So in summary, if you use a package manager, you get your software from trusted sources (rather than scouring random websites for them), you have a centralized system on your computer to track and maintain all installations and updates, including dependencies of the programs you use. And all of this leads to stable, dependable systems where software can be added and removed cleanly. They’re not all perfect, and some of them are (much) better than others, but they are an important piece of computing machinery that is sorely needed in most platforms.


Extra tidbits for those who still want to read or want more detail…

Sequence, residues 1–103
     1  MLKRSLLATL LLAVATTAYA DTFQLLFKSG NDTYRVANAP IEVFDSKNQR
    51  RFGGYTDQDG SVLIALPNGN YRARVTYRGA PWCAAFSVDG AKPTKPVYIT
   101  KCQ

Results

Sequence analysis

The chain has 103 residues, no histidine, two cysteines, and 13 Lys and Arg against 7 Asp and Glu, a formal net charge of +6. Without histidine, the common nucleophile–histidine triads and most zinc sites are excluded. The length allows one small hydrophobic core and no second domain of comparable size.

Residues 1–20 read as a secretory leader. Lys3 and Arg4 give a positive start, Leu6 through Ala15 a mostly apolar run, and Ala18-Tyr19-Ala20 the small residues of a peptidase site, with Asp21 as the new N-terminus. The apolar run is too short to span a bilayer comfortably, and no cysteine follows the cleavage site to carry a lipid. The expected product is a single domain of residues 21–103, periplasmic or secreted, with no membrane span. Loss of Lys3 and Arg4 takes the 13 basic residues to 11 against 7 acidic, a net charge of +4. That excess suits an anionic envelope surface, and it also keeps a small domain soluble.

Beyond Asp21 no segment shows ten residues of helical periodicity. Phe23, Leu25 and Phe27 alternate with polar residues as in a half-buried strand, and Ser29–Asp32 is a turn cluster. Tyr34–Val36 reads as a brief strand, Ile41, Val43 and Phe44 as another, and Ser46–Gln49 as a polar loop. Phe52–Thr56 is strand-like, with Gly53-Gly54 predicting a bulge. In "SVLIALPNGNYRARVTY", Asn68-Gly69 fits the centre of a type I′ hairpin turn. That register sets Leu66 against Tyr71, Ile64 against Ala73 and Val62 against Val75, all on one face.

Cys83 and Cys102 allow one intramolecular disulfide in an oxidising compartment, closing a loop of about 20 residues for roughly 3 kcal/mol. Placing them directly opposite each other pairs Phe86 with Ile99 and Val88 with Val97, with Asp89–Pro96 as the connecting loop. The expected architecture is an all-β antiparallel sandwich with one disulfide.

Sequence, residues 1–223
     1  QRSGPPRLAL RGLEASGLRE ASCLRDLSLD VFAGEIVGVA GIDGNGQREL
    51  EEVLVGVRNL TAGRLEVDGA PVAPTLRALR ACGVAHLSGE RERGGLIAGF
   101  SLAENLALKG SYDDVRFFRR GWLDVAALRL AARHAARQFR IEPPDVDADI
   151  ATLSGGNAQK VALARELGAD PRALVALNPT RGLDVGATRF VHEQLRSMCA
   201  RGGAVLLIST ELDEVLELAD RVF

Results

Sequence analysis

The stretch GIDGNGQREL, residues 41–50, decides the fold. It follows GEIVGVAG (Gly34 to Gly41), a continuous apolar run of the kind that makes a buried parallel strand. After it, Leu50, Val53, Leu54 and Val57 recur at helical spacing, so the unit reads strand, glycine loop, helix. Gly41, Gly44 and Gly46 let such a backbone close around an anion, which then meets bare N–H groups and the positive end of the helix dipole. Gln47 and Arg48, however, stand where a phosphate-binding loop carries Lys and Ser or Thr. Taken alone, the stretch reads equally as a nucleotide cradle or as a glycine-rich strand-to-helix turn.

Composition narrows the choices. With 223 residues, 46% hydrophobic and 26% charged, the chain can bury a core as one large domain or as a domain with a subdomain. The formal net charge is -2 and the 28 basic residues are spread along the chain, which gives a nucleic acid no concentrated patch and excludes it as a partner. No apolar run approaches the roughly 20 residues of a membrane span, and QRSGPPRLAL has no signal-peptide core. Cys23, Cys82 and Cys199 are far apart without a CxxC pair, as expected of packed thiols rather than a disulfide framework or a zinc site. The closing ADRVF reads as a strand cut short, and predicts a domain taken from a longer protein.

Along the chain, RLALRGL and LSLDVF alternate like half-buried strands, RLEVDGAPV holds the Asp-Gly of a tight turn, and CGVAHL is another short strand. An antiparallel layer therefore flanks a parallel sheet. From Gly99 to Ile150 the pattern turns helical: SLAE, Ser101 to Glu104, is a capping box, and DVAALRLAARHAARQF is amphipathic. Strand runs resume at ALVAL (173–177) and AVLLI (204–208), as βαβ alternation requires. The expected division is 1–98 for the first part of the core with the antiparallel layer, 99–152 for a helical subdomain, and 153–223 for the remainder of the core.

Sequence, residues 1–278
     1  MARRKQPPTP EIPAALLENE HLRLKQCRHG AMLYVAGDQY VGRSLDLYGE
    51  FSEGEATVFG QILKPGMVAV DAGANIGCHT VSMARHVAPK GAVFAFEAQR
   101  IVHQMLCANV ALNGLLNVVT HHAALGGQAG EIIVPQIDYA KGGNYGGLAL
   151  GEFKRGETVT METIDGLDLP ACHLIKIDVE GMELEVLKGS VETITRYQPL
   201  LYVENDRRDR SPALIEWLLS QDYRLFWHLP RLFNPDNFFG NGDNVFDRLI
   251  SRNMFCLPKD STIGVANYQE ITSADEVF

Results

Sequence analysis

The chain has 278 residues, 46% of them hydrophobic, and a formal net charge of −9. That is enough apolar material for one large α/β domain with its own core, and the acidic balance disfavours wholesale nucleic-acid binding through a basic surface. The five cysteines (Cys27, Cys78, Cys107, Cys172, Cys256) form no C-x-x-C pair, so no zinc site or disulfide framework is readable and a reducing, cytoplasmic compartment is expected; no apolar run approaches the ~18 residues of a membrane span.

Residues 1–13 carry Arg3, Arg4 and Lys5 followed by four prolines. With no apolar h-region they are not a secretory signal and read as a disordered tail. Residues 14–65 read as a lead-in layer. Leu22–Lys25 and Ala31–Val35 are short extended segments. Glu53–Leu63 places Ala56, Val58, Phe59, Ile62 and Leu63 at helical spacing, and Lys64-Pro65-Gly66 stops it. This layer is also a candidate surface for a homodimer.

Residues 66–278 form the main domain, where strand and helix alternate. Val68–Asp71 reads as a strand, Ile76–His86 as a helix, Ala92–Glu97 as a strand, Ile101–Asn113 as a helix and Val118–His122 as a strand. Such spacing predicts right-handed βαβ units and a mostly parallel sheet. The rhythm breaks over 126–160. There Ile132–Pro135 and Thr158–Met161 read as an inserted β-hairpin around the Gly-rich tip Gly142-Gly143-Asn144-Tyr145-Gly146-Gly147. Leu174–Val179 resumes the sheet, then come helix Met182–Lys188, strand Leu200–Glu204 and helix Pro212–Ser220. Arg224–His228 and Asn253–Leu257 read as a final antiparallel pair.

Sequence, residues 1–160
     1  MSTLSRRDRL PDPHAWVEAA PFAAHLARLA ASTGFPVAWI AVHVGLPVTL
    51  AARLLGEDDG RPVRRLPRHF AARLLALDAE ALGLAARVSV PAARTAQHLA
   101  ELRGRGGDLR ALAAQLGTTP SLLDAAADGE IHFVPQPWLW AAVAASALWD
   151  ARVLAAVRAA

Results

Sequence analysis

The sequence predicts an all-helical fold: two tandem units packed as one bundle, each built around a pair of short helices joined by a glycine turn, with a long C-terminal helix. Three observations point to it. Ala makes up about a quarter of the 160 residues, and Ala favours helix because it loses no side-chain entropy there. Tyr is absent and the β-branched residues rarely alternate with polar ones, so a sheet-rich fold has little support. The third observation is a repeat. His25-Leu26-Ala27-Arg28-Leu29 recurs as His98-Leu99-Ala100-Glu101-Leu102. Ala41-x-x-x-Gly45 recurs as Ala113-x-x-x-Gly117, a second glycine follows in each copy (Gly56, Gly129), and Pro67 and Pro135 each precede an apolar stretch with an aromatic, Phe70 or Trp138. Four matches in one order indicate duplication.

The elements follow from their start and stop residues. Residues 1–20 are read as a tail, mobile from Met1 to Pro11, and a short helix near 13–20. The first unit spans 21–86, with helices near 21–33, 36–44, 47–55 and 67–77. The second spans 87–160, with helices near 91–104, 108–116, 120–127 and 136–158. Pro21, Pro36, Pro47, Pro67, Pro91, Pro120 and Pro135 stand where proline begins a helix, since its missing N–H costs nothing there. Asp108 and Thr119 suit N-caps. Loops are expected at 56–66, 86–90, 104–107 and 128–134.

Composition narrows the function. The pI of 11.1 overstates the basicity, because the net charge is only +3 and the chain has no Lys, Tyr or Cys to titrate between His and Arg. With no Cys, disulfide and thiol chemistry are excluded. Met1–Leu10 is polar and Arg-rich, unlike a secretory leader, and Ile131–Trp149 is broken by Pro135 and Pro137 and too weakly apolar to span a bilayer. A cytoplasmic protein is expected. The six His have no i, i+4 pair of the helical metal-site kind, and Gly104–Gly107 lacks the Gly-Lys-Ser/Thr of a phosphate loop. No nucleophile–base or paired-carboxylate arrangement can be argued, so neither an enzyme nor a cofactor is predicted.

It’s not a silver bullet for secure computing — the issue of trust in computing runs deep, and there is a large chain of people you need to trust. But package management in Free Software operating systems is pretty good — stuff is generally packaged by someone other than the original author (IE someone is at least slightly reviewing the software getting packaged, in case the author is evil). The packages are not build directly, but there is a recipe for it — IE an easy to read set of automated instructions for how to retrieve the source and build it. These recipes make it easier to see if the packager has tampered with the software, and are generally viewed by at least a couple of unrelated parties (who can check on each other). And people who volunteer their time to contribute to free (as in freedom!) software projects are usually not out to get you. This contrasts to the proprietary and Windows world of one person/company making an unscrutable executable file (IE nobody can see the source code and know what it does. And if you look at the track record of software companies, they are usually out to control what you can do, lock you into their software, and keep you from using other peoples’ software.), packaged (as an install script) by themselves or some bad guy masquerading as them (so there is no review in the install scripts, which are actually often less of “scripts” (which generally means code that can run but can still be read) and more inscrutable binary files themselves (and remember, install scripts can do anything). And compound all of this with the user searching random websites to install it… it’s a recipe for disaster!